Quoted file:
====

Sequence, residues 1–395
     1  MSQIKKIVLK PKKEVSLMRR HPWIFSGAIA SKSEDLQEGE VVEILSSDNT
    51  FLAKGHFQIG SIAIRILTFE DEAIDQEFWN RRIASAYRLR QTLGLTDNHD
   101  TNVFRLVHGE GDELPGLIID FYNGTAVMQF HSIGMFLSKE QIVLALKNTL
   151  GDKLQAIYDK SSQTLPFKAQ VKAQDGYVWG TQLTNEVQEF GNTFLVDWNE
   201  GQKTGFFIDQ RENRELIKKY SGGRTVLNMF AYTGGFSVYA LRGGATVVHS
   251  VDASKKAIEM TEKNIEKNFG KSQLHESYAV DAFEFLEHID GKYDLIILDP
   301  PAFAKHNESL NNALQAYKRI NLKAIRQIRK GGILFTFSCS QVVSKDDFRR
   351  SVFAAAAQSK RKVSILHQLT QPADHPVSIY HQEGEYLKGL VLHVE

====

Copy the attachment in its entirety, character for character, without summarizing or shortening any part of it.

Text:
Sequence, residues 1–395
     1  MSQIKKIVLK PKKEVSLMRR HPWIFSGAIA SKSEDLQEGE VVEILSSDNT
    51  FLAKGHFQIG SIAIRILTFE DEAIDQEFWN RRIASAYRLR QTLGLTDNHD
   101  TNVFRLVHGE GDELPGLIID FYNGTAVMQF HSIGMFLSKE QIVLALKNTL
   151  GDKLQAIYDK SSQTLPFKAQ VKAQDGYVWG TQLTNEVQEF GNTFLVDWNE
   201  GQKTGFFIDQ RENRELIKKY SGGRTVLNMF AYTGGFSVYA LRGGATVVHS
   251  VDASKKAIEM TEKNIEKNFG KSQLHESYAV DAFEFLEHID GKYDLIILDP
   301  PAFAKHNESL NNALQAYKRI NLKAIRQIRK GGILFTFSCS QVVSKDDFRR
   351  SVFAAAAQSK RKVSILHQLT QPADHPVSIY HQEGEYLKGL VLHVE